The Latest on court-imposed deadlines for the Trump administration to reunify families separated at the border (all times local):
The Trump administration says it expects to begin reunifying about 2,500 children ages 5 and older with their parents on Friday after they were separated at the border.
The Justice Department says in a court filing in San Diego that the reunifications are expected to begin Friday and occur "on a rolling basis" up to a July 26 court-imposed deadline.
The reunifications will occur at six to eight unidentified U.S. Immigration and Customs Enforcement locations.
The administration says it is using truncated procedures to verify parentage and perform background checks. It says those procedures raise child safety concerns but are being used to comply with court orders.
A federal judge is commending the Trump administration's efforts to reunify families separated at the border but also keeping close watch as a big deadline nears.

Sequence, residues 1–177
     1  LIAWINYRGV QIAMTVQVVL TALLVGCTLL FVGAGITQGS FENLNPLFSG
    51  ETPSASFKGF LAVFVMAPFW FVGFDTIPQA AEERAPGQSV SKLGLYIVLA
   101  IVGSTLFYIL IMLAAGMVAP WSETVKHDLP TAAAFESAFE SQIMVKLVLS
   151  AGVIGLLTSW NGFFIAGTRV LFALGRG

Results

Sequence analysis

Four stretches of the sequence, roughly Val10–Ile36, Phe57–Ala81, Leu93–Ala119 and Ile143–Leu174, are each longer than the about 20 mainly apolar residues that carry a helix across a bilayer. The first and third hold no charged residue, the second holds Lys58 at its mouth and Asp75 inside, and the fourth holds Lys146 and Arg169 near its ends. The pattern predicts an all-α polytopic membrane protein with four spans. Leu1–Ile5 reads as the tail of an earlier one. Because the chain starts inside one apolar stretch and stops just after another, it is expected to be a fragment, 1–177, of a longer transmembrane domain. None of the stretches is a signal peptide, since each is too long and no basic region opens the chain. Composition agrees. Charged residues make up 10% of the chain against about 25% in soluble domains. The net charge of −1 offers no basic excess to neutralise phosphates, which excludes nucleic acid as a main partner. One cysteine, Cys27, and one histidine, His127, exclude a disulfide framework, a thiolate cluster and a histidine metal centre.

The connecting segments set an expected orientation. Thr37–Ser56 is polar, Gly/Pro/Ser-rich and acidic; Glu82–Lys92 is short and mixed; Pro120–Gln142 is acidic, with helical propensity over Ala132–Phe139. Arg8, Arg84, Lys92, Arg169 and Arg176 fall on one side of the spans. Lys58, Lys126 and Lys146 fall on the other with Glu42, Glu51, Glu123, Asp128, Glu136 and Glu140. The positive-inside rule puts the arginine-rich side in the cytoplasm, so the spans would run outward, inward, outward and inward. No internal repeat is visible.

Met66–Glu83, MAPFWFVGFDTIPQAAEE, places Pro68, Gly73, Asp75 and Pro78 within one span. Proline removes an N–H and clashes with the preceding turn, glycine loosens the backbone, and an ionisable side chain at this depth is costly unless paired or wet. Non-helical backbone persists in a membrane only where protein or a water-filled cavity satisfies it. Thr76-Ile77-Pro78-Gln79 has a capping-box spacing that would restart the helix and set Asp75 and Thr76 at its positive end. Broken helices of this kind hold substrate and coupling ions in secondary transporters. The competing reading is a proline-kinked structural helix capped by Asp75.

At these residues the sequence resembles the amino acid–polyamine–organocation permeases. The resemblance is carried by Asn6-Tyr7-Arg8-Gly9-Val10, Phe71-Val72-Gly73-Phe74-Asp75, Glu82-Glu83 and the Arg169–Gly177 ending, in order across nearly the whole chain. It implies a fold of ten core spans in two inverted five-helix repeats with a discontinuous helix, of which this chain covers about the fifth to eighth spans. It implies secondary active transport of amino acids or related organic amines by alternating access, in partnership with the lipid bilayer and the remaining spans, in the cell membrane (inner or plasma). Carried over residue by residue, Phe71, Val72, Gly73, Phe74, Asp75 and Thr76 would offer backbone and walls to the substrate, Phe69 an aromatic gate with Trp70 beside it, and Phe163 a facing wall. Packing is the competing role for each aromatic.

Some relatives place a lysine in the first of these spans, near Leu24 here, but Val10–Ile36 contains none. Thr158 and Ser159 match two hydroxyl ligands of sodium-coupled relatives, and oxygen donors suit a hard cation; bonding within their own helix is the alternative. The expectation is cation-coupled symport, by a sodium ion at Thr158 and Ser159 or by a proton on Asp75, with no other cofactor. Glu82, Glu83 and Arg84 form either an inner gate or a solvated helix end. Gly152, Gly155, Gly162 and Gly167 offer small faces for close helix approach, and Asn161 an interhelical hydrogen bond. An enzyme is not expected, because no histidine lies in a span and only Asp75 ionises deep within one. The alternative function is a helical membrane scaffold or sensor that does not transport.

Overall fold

U.S. District Judge Dana Sabraw said at a hearing Friday in San Diego that the government has demonstrated good faith and largely complied with a deadline this week to reunite families with children under 5 years old.
At the same time, he indicates he will be monitoring the administration's actions ahead of a July 26 deadline to reunite more than 2,000 children who are 5 and older.
The judge says the administration must provide a list of names of parents in immigration custody and their children by Monday and complete background checks for them by Thursday.
A federal judge will consider Friday how closely to monitor the Trump administration as it faces a new deadline on reunifying families separated at the border.
The American Civil Liberties Union says the administration failed to meet a Tuesday deadline to reunify dozens of children under 5 years old. It argues that because of that, it should be closely watched as a July 26 deadline approaches to have more than 2,000 children 5 and older rejoin their parents.
The administration insists it complied with the judge's order, saying it reunified all 58 children under 5 who were eligible. It acknowledges that 20 of the 58 were reunified within two days after the deadline "for logistical reasons specific to each case."